8 Steps to Stop a Grammar Troll

8 Steps to Stop a Grammar Troll

You write a great article, and someone comments to point out every typo. You express your opinion in a comment, and someone critiques your writing style. These self-appointed grammar overseers are grammar trolls. What do you do when a grammar troll tests your patience? An angry response often makes the situation worse. If you want them to leave you alone, you will need to shut them down once and for all! Here are eight ways to stop grammar trolls without sinking to their level.

Act as though they are invisible.

Why do grammar trolls pick on your grammar? If their motive is to make you feel bad, reacting angrily only gives them satisfaction. Learn from this Korean proverb: If you kick a stone in anger, you hurt your own foot. Don’t damage your credibility by arguing with unreasonable critics; ignore them! Nine times out of ten, trolls who fail to get a reaction lose interest and move on to their next victim.

Focus on the real problem.

On the other hand, perhaps your grammar troll isn’t trying to be malicious. Some pesky commenters have good intentions, but they lack the tact to express their opinions inoffensively. In that case, carefully prepare a polite response. Let them know that you appreciate their feedback, but the way they express themselves is hurtful. If their hearts truly are in the right place, they might think before they post their next comment. You never know—you might later find their insights valuable once you realize that they came from someone who is trying to help you.

Starve them.

What happens if birds can’t find enough food in one location? They fly off in search of new feeding ground! Trolls are also migratory. They need typos, misspellings, and grammar mistakes to survive. They move from one territory to the next in their search for sustenance. If you proofread carefully enough, your writing can be completely devoid of nutrition for these voracious beasts. You will leave them with no choice but to move on.

Have the first and the last laugh.

Can you look for the humor in the situation? In real life, you might chuckle at yourself if you trip on the sidewalk. Why take your words so seriously? A balanced self-view contributes to emotional health and confidence. Besides, trolls hate when you laugh at them! If they want to embarrass or anger you, your good-natured response will really get their goat! You might say something like, “Ha! I guess that apostrophe got the best of me this time!” To add an extra zing, add a funny gif from a website like giphy.com. You’ll find plenty of options if you search “typo” or “grammar.”

Join the club.

To err is human, right? Everyone, grammar troll or not, has made a mistake at some point in their lives. Ironically, trolls are frequently guilty of making mistakes in their criticisms. Why not give them a taste of their own medicine? Check to see if the trolls are following correct and current practices by consulting a style guide. If you find an inconsistency, link to the resource in your response. It might be just the wake-up call they need.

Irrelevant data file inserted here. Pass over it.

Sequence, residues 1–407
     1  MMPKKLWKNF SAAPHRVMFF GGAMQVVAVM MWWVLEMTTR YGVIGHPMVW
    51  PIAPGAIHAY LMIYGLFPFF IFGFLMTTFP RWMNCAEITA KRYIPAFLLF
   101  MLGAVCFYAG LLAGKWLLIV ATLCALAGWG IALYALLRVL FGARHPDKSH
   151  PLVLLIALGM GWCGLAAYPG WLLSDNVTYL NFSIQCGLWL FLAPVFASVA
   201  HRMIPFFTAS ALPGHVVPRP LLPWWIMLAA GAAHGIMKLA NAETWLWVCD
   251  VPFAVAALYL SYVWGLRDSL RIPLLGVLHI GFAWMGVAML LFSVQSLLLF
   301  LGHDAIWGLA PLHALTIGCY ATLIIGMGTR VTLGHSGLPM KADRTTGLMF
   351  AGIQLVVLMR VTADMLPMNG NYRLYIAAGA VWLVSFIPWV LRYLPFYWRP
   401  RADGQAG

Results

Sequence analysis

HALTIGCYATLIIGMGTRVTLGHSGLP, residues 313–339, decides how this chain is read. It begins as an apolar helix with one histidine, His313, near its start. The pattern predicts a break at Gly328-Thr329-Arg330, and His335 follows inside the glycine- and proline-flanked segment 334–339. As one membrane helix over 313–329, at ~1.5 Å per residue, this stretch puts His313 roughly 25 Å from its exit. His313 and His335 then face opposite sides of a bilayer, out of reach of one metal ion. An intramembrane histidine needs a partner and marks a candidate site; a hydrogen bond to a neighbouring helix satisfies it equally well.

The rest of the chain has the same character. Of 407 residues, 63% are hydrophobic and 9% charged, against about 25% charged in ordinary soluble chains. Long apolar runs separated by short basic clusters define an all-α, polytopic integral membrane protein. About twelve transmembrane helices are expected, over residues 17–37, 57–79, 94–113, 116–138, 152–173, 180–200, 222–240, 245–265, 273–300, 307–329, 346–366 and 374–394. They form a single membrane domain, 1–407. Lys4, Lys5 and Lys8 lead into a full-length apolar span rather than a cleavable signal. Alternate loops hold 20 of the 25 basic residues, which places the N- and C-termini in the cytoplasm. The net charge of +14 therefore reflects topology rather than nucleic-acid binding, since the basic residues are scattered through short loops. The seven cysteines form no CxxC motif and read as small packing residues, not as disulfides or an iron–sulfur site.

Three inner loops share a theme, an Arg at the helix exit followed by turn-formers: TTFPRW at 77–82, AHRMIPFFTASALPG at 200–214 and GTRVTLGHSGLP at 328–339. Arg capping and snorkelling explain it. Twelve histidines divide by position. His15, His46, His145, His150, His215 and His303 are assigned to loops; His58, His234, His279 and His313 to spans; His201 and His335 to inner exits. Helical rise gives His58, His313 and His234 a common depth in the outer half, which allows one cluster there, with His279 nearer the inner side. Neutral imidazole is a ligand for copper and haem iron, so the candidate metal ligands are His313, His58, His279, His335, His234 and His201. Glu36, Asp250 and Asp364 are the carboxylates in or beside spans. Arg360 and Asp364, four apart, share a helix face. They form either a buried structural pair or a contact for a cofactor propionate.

Tell your biggest buddy.

Grammar trolls often bully those they feel are weaker than themselves. However, you have more control than you might have imagined. For example, did you know that you can disable comments on your blog or block certain users? If it’s not your website, report the bully to the moderator or webmaster. Most moderators of forums, for instance, are willing to remove comments or revoke privileges of abusive community members. Be patient when you make a report. Sometimes moderators need time to gather evidence before permanently banning a user. You can help them by sending screenshots of inappropriate comments made by the offender.

Graciously give thanks.

Look on the bright side: not many things in life are free. Grammar trolls offer proofreading and grammar advice at no cost to you! After all, you can learn a lot from your mistakes. Rather than let disparaging comments get you down, make an honest evaluation of your writing and speech. When someone points out a weakness, research how you can improve. Then, practice what you’ve learned. You might find your grammar troll to be an ugly but beneficial blessing in disguise.

Avoid dark alleys.

Trolls like to hang out in the dark corners of the Internet. If you are selective about where and how you comment online, you might be able to avoid trolls altogether. If you do decide to comment, remember that your exchanges are public. People, even those who don’t go so far as to contact you, will judge what you write and say. If your posts are well thought out and in good taste, readers will respect you even if you don’t always write perfectly.

You can beat a grammar troll without using your fists. Maintain the moral high ground. Trading insults only brings you down to their level. If your responses—should you deign to respond—show respect and good sense, readers will quickly see your intellectual superiority. Sure, you made a boo-boo, but who are the real buffoons?

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